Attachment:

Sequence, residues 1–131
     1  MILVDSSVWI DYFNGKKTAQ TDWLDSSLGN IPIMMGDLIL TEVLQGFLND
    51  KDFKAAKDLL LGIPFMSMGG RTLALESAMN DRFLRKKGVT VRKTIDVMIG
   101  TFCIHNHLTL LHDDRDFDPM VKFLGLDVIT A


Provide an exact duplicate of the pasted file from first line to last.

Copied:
Sequence, residues 1–131
     1  MILVDSSVWI DYFNGKKTAQ TDWLDSSLGN IPIMMGDLIL TEVLQGFLND
    51  KDFKAAKDLL LGIPFMSMGG RTLALESAMN DRFLRKKGVT VRKTIDVMIG
   101  TFCIHNHLTL LHDDRDFDPM VKFLGLDVIT A